Wilmington News Journal - June 28, 1980

Mets sting Carlton with another loss


By Ray Finocchiaro, Staff Correspondent


PHILADELPHIA - Steve Carlton has lost three games this season. Two of them somehow have come against the New York Mets.


"The Mets, for some reason, historically have handled Steve pretty well," said Phils' Manager Dallas Green, who is starting to worry about the Phils' batting woes after last night's 3-2 loss to Met rookie John Pacella, who picked up his first Major League victory.


"I don't know what it is," Green added. "Steve wasn't as sharp tonight. His ball was up a little more. It was just a strange night all around."


No less strange than the 3-0 game Carlton lost to the Mets' Ray Burris on April 21, but last night's loss snapped Carlton's eight-game winning string and left him 13-3.


That it left him speechless is nothing new, but Carlton did salute the fans who cheered his passing of Robin Roberts to become the club's all-time strikeout leader.


After the game, Green tried to shake off the word "slump" – though the Phils have lost six of their last eight games and have scored a total of four runs in their last three.


"I'd like to think this isn't a slump," said Green, "but it's not encouraging. Offensively, we've slipped into a sleeping time. We didn't hit much in the Montreal games, or in California. I guess we're due offensively.


"That's why I've been playing more hit-and-run lately, to get the guys to think about playing baseball. If we forget about swinging the bats, we lull ourselves to sleep."


Until Bob Boone hit a two-run homer off Pacella in the seventh, the Phils were in a deep sleep. And that's worrying Green.


"We might be slipping back to the 'Don't worry, gang, the old talent will take over' thing," he said. "We have to have a little talk about that. The 'old talent' is catching up quick."


To counter the snoozing swingers, Green's been flashing the hit-and-run more than usual. Last night it blew up in the Phils' faces in the ninth inning.


After Garry Maddox reached base on Frank Taveras' error, Green put on the hit and run. Boone whacked a chopper over second but shortstop Taveras, covering the bag with Maddox running, was in perfect position to start a double play.


"One of those things," Boone shrugged. "You go through those periods when it's tough scoring runs."


Green wasn't as cool. "Every time we tried something tonight, something went haywire," he said, shaking his head.


Carlton and Pacella matched goose eggs through the first five innings. Carlton's six strikeouts had a little more significance, of course, as Lefty seemed to topple a milestone as each Met went down.


In the first inning, Carlton tied, then passed, Cy Young for ninth place on the all-time strikeout list with 2,820.


In the fifth, Carlton fanned Elliott Maddox to pass Roberts with 1,872 strikeouts.


The characteristically cool Carlton actually doffed his cap to the crowd of 37,123 that began to stand and applaud as word of Carlton's feat was flashed on the scoreboard.


Carlton rolled the souvenir ball toward the dugout, then took a few tenuous steps around the mound, nodding in the direction of the various bleachers where the fans stood and cheered.


The Mets' sixth was no picnic, however.


Mazzilli, hitless in seven trips against Carlton this season, led off with a flare that dropped in front of right fielder Bake McBride, then bounced past him. McBride pulled up and stopped running.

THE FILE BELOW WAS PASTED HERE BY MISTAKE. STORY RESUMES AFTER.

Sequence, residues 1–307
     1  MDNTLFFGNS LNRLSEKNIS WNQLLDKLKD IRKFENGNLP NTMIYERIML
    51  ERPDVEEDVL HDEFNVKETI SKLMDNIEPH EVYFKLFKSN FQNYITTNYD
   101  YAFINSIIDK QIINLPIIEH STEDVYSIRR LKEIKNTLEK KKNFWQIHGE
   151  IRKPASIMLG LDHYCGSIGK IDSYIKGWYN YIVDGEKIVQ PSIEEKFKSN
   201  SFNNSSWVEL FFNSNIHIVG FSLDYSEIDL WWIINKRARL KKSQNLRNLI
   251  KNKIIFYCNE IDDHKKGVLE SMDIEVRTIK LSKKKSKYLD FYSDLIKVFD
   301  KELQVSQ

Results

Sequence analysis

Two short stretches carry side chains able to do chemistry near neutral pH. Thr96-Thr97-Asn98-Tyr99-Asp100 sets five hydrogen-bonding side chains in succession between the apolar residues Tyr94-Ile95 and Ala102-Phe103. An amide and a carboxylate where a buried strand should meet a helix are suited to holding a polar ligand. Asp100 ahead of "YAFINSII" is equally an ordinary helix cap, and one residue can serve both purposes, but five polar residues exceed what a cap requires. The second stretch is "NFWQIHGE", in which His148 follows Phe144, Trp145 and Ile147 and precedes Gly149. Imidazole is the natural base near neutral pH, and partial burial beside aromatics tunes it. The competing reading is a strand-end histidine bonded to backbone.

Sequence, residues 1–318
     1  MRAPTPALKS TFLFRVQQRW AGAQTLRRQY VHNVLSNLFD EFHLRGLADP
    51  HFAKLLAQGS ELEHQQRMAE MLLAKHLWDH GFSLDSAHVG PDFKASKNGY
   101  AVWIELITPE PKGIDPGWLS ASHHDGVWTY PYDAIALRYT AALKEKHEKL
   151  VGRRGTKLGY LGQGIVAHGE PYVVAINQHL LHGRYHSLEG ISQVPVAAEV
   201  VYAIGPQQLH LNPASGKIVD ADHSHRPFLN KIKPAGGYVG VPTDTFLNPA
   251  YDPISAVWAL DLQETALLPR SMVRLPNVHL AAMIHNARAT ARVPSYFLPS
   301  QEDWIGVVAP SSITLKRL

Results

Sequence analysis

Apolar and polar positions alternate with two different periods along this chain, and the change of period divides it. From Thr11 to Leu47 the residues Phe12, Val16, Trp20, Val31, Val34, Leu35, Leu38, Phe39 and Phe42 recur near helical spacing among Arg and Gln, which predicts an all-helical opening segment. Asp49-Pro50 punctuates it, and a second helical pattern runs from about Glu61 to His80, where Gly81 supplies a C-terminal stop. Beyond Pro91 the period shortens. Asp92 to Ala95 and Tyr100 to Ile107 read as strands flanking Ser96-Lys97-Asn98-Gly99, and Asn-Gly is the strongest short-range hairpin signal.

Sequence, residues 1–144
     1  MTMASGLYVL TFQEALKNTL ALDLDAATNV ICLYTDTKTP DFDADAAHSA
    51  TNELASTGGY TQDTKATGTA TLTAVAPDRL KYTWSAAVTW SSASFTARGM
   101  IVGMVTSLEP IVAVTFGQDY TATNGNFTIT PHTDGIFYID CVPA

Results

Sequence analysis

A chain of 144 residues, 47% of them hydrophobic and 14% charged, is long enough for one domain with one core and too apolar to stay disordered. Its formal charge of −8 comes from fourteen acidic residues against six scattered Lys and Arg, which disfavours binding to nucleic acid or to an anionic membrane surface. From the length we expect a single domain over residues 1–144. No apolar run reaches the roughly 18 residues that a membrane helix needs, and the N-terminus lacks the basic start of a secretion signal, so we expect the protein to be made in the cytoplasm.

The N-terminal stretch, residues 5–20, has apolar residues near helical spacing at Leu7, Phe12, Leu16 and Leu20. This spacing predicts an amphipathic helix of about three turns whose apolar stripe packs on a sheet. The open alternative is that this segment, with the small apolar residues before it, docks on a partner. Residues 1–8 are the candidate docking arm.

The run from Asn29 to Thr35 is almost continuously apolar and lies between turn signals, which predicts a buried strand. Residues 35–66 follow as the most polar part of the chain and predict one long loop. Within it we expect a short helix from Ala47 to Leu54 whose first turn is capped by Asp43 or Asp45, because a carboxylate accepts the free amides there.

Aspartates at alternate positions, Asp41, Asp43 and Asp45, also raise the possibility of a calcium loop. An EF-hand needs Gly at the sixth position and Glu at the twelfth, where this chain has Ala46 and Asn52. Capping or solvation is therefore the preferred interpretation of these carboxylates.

By the time second baseman Manny Trillo tracked the ball down in the right field corner and fired home, Mazzilli had circled the bases for an inside-the-park homer.


What probably could have been ruled a single and three-base error on McBride ended a string of 72 innings since Carlton had last allowed a home run. That one was hit by Johnny Bench here on May 19 – and left the park.


"I thought I had it," said McBride, "but it hit that bleeping turf and just skidded away. Nothing you can do about it."


Green wouldn't fault McBride.


"He was coming like hell," Green said. "You just can't run hard and stop on AstroTurf. He thought he could catch it."


Carlton's problems weren't over, however. Singles by Taveras, John Stearns and Joel Youngblood – his third single of the game – produced the Mets' second run and Alex Trevino's towering sacrifice fly to center the winner.


Until they got two runs back on Boone's fifth homer, a seventh-inning shot to the lower deck in left, the Phils looked paralyzed against Pacella, who actually had one more strikeout than Carlton through six innings and allowed just three hits, Trillo's second-inning double, McBride's infield single in the third and Greg Luzinski's double in the fourth.


But Pacella and Carlton didn't survive the seventh. Garry Maddox started it with an infield single and Boone ended it with his homer, through pinch-hitter Greg Gross prolonged the agony – both his and the fans' – when he was hit in the foot by a Pacella pitch.


Reliever Tom Hausman got Del Unser, batting for Carlton, on a fly to the left-field wall before Pete Rose and McBride grounded out to end the threat.


"Steve Henderson's catch on Del's ball turned the game around," shrugged Pete Rose. "We had them on the run."


Maybe a casual stroll but hardly the run.


EXTRA INNINGS - Lefty is almost a month ahead of his 1972 27-win pace (No. 14 on July 23) and almost even with Denny McLain's 31-win season in 1968 when McLain won No. 14 on June 29... Nino Espinosa rejoined the Phils yesterday with a 1-1 record after three starts with their Class A Spartanburg team. Nino allowed two runs and eight hits in seven innings Thursday in a 3-2 victory... Dick Ruthven and Dan Larson will face the Mets' Ray Burris and Mark Bomback in tonight's 5:35 twi-nighter... Dickie Noles vs. Mets' Pat Zachry in tomorrow's 7:05 p.m. fireworks special.